July 08, 2010
There's no doubt the Karmapa Lama is an unusual young man. His is an eclectic mix that bridges the gap between old and young. It's also turned him into the modern icon of the Tibetan struggle against China for autonomy.
Born Ogyen Trinley Dorje, he was pronounced the 17th incarnation of the Karmapa Lama as a 7-year-old boy and whisked away to a monastery near the capital Lhasa. He was quickly recognized by China which hoped it had found a potentially powerful rival to the Dalai Lama.
But a 14-year-old Karmapa had other plans.
"At 18 I might have had to take a position in the Chinese government hierarchy ... and turn against the Dalai Lama and the Tibetan cause. That was one of the reasons I decided to leave."
Leave he did, fleeing his home in rural Tibet for India, embarking on an eight-day journey by foot and horseback across the Himalayas. China was infuriated by the dramatic escape that echoed the Dalai Lama's flight four decades earlier.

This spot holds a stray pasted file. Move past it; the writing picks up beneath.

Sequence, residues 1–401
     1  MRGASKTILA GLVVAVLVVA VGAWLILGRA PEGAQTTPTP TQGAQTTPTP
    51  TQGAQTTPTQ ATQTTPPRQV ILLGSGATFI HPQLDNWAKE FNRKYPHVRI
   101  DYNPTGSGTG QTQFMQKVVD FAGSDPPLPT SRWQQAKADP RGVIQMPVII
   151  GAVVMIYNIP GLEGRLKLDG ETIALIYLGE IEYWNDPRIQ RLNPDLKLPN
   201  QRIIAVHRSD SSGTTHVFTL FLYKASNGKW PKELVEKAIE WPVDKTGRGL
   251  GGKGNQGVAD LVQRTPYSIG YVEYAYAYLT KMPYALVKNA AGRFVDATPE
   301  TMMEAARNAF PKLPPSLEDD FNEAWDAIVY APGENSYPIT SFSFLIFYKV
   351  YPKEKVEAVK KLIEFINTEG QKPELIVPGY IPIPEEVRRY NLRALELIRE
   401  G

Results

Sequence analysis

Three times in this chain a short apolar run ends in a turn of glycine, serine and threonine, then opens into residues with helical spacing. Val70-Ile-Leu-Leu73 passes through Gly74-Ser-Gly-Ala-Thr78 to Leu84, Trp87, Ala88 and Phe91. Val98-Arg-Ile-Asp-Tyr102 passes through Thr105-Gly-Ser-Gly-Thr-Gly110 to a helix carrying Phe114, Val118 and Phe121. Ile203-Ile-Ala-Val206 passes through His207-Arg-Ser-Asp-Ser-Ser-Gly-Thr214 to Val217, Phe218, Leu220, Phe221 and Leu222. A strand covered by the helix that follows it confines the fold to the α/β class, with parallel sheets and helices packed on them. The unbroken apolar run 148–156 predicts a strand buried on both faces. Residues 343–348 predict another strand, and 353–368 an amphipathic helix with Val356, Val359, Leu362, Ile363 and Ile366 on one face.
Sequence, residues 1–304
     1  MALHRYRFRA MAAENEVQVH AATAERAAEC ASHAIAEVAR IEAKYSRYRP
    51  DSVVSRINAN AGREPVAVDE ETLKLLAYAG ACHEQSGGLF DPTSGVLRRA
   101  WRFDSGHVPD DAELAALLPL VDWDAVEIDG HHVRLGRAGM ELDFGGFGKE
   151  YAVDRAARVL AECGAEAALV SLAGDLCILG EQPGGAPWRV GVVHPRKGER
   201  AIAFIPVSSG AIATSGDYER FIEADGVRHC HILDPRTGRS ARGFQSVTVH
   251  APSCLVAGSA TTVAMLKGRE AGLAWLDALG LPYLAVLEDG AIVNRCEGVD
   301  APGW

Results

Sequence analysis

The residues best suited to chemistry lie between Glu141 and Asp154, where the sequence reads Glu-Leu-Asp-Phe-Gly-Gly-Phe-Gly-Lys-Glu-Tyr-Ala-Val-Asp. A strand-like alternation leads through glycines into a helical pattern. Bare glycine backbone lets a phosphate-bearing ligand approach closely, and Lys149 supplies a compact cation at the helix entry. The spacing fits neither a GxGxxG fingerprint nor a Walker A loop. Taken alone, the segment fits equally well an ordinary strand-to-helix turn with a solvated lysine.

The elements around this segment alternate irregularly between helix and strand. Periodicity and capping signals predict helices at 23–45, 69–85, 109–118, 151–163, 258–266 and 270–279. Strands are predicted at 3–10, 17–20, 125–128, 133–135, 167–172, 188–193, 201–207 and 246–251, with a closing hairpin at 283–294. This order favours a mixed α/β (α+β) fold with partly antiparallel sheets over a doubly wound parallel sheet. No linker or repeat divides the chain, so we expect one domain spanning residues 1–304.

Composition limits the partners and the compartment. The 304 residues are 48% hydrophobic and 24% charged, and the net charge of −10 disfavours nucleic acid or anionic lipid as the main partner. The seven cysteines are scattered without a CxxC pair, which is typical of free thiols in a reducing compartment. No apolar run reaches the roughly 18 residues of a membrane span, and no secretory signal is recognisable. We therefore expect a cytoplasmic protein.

The fact that many believe he is being groomed for the top is hardly a secret, but the prospect of taking on such responsibility has failed to enthrall the young man.
"I'm not very excited about the possibility but His Holiness has great faith and hope in the young generation and I'm part of the young generation so I will do what I can to support his work and hope to leave behind a rich legacy like his," said the Karmapa.
Read the complete article here.
I have recently been reading the book The Dance of 17 Lives about Ogyen Trinley Dorje, by journalist Mick Brown. For anyone who is interested in reading about his life in greater depth, I recommend it. In it, Brown discusses the history of the Karmapa line, the circumstances and events leading up to his recognition and enthronement, the controversy regarding the other young lama that was also recognized as the 17th Karmapa-Thaye Dorje, and his daring escape from Tibet.
[Image 1: Ogyen Trinley Dorje, courtesy of AFP/Getty Images, via CBS]
[Image 2: The Dance of 17 Lives, by Mick Brown, cover]